The amendment has become something of a hot-button issue for evangelicals, despite its relatively small practical effects on churches. Trump first raised the issue during his campaign, in June 2016, after he held a closed-door meeting with hundreds of evangelicals in New York City. During that meeting, Trump seemed to be attempting to woo evangelicals with his willingness to repeal the motion:

You talk about religious liberty and religious freedom. You really don’t have religious freedom, if you really think about it, because when President Johnson had his tenure, he passed something that makes people very, very nervous to even talk to preserve their tax-exempt status. It’s taken a lot of power away from Christianity and other religions.

While Trump got his facts wrong — Johnson was a senator, not president, at the time the amendment was passed, and the amendment only refers to explicit stances on candidates, not political issues more generally — his words nevertheless reflected his willingness to signal himself as a “pro-evangelical candidate,” albeit by making a largely symbolic concession.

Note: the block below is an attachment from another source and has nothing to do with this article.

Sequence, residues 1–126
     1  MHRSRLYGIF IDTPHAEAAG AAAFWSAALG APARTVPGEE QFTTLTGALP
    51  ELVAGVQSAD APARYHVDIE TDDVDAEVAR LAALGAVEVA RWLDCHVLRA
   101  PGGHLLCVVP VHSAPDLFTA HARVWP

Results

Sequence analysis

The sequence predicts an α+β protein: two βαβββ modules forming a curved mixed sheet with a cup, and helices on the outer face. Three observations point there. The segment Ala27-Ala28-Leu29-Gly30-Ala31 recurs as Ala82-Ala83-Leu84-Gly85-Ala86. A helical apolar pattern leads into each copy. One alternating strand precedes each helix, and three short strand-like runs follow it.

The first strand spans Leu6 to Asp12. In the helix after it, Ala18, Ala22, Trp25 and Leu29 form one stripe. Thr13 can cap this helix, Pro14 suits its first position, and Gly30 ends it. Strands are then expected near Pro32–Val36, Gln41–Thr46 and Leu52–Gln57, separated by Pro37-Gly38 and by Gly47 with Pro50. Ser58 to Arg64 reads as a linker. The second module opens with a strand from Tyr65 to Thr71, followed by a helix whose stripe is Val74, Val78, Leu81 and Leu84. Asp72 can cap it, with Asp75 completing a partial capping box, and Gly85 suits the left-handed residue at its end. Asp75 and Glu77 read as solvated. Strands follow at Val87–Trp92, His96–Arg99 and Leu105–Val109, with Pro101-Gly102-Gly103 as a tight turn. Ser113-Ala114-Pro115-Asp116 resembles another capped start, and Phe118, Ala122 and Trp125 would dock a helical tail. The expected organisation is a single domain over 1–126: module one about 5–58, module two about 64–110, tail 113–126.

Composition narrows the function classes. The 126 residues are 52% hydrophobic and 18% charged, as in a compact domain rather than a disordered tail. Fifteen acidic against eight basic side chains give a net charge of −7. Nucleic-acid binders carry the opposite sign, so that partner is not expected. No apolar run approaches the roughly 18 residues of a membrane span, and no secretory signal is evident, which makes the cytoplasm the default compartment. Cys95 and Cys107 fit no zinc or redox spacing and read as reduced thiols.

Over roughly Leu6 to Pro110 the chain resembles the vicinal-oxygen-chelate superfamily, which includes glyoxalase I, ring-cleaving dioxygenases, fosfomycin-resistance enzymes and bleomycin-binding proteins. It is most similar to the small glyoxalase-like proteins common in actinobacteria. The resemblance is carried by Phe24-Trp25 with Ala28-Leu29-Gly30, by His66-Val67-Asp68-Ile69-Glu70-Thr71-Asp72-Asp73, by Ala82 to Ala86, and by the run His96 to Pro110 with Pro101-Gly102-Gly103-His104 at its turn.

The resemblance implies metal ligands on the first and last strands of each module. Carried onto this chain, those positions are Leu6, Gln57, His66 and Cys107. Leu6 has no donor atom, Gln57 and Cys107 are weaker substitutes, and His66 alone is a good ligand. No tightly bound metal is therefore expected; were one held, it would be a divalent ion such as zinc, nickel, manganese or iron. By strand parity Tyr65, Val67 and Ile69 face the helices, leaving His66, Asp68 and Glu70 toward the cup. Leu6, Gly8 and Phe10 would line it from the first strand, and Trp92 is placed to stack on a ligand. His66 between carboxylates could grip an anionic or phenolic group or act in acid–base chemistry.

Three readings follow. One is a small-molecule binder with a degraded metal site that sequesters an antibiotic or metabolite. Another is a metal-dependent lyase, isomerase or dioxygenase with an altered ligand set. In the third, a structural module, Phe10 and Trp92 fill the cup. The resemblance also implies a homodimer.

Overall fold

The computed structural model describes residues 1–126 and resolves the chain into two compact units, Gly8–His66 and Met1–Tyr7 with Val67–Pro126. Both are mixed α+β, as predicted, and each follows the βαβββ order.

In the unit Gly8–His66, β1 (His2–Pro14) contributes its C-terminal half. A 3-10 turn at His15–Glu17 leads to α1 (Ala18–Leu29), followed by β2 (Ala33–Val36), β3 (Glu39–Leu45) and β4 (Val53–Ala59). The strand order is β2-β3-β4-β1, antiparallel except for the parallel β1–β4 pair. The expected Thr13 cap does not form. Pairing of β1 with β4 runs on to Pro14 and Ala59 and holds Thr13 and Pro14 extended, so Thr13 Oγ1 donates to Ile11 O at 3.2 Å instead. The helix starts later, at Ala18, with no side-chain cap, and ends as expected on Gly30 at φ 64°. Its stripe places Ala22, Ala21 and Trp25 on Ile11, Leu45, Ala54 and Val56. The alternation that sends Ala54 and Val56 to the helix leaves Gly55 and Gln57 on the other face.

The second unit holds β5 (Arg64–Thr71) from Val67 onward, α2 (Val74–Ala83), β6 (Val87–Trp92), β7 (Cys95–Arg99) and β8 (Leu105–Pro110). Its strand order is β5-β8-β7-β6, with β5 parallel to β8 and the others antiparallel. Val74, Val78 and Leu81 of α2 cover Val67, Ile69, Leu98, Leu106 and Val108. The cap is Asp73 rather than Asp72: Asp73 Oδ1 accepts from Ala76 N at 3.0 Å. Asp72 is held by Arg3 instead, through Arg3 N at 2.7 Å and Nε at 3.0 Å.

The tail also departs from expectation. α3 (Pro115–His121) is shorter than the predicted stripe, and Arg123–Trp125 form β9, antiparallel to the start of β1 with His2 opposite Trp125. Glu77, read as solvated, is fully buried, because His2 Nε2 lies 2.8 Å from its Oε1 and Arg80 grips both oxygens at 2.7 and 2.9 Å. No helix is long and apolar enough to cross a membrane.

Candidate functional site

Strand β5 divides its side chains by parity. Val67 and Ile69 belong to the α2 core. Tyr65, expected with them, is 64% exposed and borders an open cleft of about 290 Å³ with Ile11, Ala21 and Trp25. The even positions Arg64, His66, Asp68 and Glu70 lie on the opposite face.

Mike Pence, likewise, used the issue to woo evangelical voters. In a five-minute video that played in a number of evangelical churches right before the election, Pence made a pitch to congregants for their vote, citing two main reasons to vote for his ticket: the promise to appoint justices to the Supreme Court “who will uphold our Constitution and the rights of the unborn” — in other words, someone with conservative views on religious freedom and abortion — and a promise to repeal the Johnson Amendment.

That said, it’s unclear just how effective a dog whistle repealing the Johnson Amendment actually is. Nearly 80 percent of Americans say they do not favor political endorsements in church. Repealing the Johnson Amendment, in other words, is often a handier way of signaling a pro-evangelical stance than it is an actually useful or desirable political act.